Critical Inquiry 16 (1):1-32 (1989)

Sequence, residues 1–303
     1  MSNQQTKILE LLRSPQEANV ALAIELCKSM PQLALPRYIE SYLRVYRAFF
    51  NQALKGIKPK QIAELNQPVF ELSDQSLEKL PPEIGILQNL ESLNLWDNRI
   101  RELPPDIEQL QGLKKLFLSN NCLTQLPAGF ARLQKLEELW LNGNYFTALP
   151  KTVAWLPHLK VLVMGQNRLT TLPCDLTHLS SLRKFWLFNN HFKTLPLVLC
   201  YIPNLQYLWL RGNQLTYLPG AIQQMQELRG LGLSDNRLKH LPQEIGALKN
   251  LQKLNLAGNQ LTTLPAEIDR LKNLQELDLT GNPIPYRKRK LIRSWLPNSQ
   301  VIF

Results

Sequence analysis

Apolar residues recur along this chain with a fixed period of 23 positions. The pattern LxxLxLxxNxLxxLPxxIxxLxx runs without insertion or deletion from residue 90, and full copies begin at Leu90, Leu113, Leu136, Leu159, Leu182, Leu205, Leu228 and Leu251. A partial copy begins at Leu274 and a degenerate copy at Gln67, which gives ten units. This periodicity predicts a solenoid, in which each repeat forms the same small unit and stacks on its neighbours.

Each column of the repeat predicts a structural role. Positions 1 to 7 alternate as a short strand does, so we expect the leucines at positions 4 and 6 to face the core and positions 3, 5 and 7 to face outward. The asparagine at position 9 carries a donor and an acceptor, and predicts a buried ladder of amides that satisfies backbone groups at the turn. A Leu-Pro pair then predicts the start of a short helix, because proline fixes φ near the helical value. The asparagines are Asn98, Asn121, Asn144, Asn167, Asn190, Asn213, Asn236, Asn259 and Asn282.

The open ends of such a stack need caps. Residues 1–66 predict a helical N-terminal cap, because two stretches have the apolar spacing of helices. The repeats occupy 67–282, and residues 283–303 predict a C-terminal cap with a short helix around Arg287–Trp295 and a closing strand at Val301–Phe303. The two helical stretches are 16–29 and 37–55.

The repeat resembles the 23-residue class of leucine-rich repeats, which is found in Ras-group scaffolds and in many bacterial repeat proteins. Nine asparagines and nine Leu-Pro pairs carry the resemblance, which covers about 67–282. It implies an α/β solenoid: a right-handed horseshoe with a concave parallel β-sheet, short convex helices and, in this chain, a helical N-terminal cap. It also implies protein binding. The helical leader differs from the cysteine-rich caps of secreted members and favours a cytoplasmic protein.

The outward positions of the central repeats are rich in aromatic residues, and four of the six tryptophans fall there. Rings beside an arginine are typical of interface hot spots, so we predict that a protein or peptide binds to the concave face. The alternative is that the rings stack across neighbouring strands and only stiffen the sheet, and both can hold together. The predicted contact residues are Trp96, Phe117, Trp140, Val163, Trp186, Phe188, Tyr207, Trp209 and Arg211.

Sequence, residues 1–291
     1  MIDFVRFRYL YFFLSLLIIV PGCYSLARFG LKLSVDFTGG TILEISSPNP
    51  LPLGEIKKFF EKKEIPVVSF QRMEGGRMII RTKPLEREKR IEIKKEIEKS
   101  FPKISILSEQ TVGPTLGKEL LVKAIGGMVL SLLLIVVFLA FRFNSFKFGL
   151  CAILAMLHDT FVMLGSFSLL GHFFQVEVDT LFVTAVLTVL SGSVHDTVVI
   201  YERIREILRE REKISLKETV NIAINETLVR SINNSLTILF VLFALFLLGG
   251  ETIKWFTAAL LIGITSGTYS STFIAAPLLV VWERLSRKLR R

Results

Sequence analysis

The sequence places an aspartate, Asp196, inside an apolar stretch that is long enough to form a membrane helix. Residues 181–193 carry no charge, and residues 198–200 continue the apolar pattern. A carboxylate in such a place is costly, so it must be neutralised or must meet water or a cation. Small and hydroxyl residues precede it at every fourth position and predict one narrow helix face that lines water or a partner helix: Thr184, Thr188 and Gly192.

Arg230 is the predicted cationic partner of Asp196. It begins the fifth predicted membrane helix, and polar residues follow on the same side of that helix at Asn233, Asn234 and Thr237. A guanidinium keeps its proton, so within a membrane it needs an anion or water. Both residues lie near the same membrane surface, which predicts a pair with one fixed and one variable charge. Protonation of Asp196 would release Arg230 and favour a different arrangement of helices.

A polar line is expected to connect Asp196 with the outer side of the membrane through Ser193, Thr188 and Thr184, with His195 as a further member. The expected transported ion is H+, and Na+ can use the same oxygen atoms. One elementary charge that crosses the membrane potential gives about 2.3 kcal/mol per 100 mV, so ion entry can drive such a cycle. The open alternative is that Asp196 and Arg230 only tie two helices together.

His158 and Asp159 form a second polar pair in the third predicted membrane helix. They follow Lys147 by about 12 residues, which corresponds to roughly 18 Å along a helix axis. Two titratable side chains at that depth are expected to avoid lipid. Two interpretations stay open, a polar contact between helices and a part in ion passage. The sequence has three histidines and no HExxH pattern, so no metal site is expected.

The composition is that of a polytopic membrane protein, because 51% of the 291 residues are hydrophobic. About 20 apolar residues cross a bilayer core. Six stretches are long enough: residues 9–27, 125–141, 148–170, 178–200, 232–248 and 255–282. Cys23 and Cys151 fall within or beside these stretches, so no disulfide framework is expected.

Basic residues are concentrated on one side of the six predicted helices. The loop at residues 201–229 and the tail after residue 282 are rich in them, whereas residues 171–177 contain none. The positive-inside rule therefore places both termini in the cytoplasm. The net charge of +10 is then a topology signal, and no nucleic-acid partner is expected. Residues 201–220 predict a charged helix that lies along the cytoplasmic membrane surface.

A major preoccupation of that novel [Zola’s Nana] is the undressing of the courtesan Nana. One could even say that a major dynamic of the novel is stripping Nana, and stripping away at her, making per progressively expose the secrets of this golden body that has Paris in thrall. The first chapter of the novel provides, quite literally, a mise-en-scène for Nana’s body, in the operetta La Blonde Vénus. When she comes on stage in the third act, a shiver passes over the audience, for, we are told, she is nude. Yet, we quickly discover, not quite nude: she is covered by a filmy shift under which her splendid body lets itself be glimpsed: se devinait. “It was Venus born from the waves, having only her hair as a veil.”2 The denuding of nana progresses in chapter 5 when Comte Muffat and the Prince make their way backstage to her dressing room . They surprise her naked to the waist, and she then covers herself with a bodice, which only half hides her breasts. Despite the repeated references to nana as nude, it is only in chapter 7, at the very midpoint of the novel, that Nana is finally completely naked. In this scene, she undresses before her mirror while Comte Muffat watches, especially looking at her looking at herself. Thus she is fully unveiled, frontally in the mirror, and from the backside in Muffat’s direct view. And yet, as we shall see in a moment, even the completely naked woman’s body bears a troubling veil. 2. Émile Zola, Nana , p. 47; hereafter abbreviated N. I wish to thank Helen Chillman, Librarian of the Slides and Photography Collection, Art and Architecture Library, Yale University, for her help in assembling the illustrations accompanying this essay.Peter Brooks is Tripp Professor of Humanities and Director of the Whitney Humanities Center at Yale University. The author of The Melodramatic Imagination and Reading for the Plot , he is currently working on a study of narrative and the body, tentatively called “Storied Bodies.”
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